All the above is, of course, in addition to the standard recommendations: disable WPS, use WPA2 with AES (not TKIP) encryption and use a long Wi-Fi password. How long is a matter of opinion. If you really want to block out the neighbors, then, in my opinion, use 16 characters or more. If your router offers WPA3, that's fine, but not really necessary.


A huge defense, WPA2 Enterprise, is unfortunately out of the reach of most people. The normal WPA2 encryption is WPA2 Personal which uses one password per Wi-Fi network (SSID). In contrast, WPA2 Enterprise gives every person their own userid and password. It is more secure in a number of ways, including the fact that it is rarely used, so very few bad guys have any experience hacking it.

The main problem using WPA2 Enterprise is the software for creating and validating these many userids/passwords. The software, a RADIUS server, is too hard to get, install, configure and maintain for non technical people. But, I know of two exceptions. Synology routers allow you to install software in addition to the software it comes with out of the box. One of the additional apps you can install is a RADIUS server. It is free and offered by Synology.

Another option is a NAS (Network Attached Storage) from either Synology or QNAP. Both companies offers RADIUS servers that run on their NAS devices. Of course, this approach requires that the router also support WPA2 Enterprise and not many do. A consumer router, for example, is not likely to support it. My preferred router, the Pepwave Surf SOHO does support it. I have used this approach myself for a long time.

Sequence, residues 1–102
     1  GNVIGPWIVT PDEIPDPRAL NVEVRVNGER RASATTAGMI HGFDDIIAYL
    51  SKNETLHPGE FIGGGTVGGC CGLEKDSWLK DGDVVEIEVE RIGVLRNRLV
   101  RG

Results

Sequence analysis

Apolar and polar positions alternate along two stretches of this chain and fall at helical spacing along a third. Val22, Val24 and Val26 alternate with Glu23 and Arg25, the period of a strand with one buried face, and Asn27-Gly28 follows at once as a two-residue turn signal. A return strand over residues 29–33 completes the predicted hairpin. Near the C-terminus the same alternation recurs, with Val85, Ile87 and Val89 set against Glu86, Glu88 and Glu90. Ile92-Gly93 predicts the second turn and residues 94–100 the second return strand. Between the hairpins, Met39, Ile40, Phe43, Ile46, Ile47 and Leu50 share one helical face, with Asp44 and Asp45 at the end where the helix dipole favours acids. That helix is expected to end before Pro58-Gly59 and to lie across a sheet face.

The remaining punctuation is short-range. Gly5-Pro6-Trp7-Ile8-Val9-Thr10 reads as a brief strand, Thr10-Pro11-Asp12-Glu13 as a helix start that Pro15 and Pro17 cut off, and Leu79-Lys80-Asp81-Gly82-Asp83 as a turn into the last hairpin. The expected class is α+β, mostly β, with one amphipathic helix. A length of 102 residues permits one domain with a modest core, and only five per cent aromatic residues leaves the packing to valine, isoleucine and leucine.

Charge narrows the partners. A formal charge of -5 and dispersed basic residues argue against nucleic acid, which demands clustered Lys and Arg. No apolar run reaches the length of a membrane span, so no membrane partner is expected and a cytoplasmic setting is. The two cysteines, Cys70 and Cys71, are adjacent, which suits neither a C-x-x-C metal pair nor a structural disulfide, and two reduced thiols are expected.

If a neighbor does get on your Wi-Fi network, you want to both know about it and limit what they can do.

To see who is on your network(s), it is best to communicate with the router, either via its web interface or a mobile app. There are LAN scanning programs, but they can only connect to one SSID at a time and you need a different one for each operating system that you use.

Some routers, such as Eero, will notify you when a new device connects to your network. Other routers, such as Gryphon, can block new devices by default. So too, add-on security devices (see the Resources page) might be able to block new devices when they first get in.

If someone does get on your Wi-Fi network, then you want to block their ability to get at the web interface of the router (assuming it has one). A number of ways to do this are listed in the Local Administration section of the Security Checklist page. For example, some routers can limit access to Ethernet connected devices, others can limit access based on the Wi-Fi SSID.

You also want to block an intruder from being able to interact with the other devices on your network(s). For many routers, this will be an option for their Guest network. So, use a Guest network whenever you can. Bad guys can capture the initial logon and then try a brute force attack to get the password. Make them do this for a Guest network, rather than for a private network.

For Peplink routers, hiding devices on the same network from each other, is a simple matter of turning on Layer 2 isolation for the SSID.

This page was last updated: April 6, 2021 5PM CT     
Created: September 5, 2019